DeRosa relieved wrist injury not serious
Cardinals utility man expected to miss only a few days
ST. LOUIS -- The Cardinals received encouraging news on infielder/outfielder Mark DeRosa on Wednesday, a day after getting a major scare regarding their new acquisition. DeRosa was diagnosed with a strained tendon in his left wrist and has been told he will miss a few days.
"It's a huge relief," DeRosa said Wednesday afternoon. "Last night back at the hotel I was a little scared. When you hear a pop and when it's in one of those small tendons and joints and stuff like that, you never know. I ruptured my ankle the same way playing in a game against Colorado a few years back and I thought it was nothing and it turned out to be surgery and I missed six to eight weeks."
DeRosa injured the wrist while swinging the bat during Tuesday night's game against the Giants. He was downcast after the game, but encouraged after X-rays taken Wednesday morning came back negative. The same could be said for club officials, who were very worried that their new pickup might be out for an extended period of time.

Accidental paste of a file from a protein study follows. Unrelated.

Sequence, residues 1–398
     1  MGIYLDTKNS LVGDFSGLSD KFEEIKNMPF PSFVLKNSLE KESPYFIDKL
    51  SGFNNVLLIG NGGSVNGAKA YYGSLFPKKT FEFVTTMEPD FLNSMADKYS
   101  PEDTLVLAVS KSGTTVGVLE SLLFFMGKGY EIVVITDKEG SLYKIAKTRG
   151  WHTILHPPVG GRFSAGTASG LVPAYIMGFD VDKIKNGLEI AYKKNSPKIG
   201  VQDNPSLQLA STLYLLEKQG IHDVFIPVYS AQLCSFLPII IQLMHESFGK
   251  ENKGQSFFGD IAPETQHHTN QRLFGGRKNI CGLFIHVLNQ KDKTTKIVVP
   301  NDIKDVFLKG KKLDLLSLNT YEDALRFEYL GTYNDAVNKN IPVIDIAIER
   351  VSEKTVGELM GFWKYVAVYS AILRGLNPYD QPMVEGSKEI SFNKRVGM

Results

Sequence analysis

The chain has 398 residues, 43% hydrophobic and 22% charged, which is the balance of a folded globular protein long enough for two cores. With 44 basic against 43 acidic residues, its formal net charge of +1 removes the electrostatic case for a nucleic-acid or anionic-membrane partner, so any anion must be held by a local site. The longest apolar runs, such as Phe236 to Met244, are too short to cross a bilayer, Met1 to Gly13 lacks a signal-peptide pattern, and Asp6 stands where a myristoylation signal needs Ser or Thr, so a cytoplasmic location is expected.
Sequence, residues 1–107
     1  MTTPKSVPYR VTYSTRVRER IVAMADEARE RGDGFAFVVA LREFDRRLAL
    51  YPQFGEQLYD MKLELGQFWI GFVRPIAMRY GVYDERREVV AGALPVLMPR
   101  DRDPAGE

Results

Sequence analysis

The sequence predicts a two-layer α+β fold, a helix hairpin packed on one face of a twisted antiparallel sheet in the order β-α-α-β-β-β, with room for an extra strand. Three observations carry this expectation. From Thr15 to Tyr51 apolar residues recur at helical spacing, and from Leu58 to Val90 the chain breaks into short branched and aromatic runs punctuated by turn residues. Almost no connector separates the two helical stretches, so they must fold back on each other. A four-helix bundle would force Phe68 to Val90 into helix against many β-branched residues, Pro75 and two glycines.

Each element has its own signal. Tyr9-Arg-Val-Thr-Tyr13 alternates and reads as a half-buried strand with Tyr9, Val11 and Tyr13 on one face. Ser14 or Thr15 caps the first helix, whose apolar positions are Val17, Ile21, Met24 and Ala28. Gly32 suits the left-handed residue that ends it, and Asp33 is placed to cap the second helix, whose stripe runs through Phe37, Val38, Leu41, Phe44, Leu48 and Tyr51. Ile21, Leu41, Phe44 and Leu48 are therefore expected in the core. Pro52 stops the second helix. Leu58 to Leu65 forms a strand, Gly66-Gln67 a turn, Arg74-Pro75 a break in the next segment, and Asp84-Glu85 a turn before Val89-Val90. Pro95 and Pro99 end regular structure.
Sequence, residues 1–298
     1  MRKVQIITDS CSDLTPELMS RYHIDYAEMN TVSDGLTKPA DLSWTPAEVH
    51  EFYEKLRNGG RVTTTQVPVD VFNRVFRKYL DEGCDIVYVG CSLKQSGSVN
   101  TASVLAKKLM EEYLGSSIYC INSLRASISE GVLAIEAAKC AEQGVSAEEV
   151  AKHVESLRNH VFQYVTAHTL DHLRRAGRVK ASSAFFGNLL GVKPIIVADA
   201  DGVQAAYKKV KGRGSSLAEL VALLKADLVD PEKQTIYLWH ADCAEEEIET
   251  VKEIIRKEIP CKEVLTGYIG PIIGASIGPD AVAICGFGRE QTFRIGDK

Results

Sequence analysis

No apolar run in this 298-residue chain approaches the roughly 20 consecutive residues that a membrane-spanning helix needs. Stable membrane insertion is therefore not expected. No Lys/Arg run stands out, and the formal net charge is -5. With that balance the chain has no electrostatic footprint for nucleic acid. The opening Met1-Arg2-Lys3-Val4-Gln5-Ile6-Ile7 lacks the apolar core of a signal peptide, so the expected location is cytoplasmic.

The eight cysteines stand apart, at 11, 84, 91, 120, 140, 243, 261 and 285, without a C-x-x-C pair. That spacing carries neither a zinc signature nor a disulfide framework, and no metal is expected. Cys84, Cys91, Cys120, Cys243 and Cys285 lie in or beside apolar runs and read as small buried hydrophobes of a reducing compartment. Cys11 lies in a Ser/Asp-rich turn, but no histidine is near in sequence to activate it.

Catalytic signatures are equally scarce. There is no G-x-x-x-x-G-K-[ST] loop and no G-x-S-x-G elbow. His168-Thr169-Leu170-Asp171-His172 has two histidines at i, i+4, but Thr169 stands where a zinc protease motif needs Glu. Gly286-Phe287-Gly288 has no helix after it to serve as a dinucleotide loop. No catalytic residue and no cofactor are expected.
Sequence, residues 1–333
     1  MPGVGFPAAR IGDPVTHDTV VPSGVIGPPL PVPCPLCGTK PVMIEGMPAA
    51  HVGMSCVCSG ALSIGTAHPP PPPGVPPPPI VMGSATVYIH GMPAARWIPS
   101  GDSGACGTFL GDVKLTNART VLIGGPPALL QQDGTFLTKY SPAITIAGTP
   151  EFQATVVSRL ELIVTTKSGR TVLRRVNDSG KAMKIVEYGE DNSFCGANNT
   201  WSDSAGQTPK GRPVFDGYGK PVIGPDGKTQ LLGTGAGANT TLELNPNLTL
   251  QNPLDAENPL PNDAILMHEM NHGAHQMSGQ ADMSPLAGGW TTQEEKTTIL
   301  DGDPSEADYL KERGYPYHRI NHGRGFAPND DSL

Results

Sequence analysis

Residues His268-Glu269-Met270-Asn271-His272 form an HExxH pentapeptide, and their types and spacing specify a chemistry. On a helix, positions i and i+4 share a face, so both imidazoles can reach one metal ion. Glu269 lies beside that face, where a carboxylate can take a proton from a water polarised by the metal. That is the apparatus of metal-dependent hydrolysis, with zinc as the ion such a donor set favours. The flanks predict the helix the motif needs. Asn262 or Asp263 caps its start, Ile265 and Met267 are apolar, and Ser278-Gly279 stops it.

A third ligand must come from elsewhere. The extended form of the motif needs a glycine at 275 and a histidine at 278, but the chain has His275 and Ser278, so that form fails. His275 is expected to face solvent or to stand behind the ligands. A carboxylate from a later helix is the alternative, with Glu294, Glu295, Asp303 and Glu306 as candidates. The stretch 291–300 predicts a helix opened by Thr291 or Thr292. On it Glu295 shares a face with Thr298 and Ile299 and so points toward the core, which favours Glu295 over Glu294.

"The fact that he felt better today, that he was asymptomatic, was very encouraging," general manager John Mozeliak said Wednesday. "The studies that they did revealed very little. The best case would have been that he could have played today. But as far as the range goes, yeah, it's encouraging. He needs a couple days of non-swinging. We'll re-evaluate it, and from there, hopefully he can get ready to go."
The newly acquired Cardinal is 0-for-9 in three games since joining the team Sunday from the Cleveland Indians. He said he was available to play defense and could pinch-run if needed, but cracked that it would probably be the first time in his career he had ever pinch-ran for someone.
It's likely, though, that the Cardinals will give him full rest at least for a little while. After fearing that DeRosa might go on the disabled list, however, relief is an appropriate way to describe the feeling in the Cardinals clubhouse Wednesday.
Matthew Leach is a reporter for MLB.com. This story was not subject to the approval of Major League Baseball or its clubs.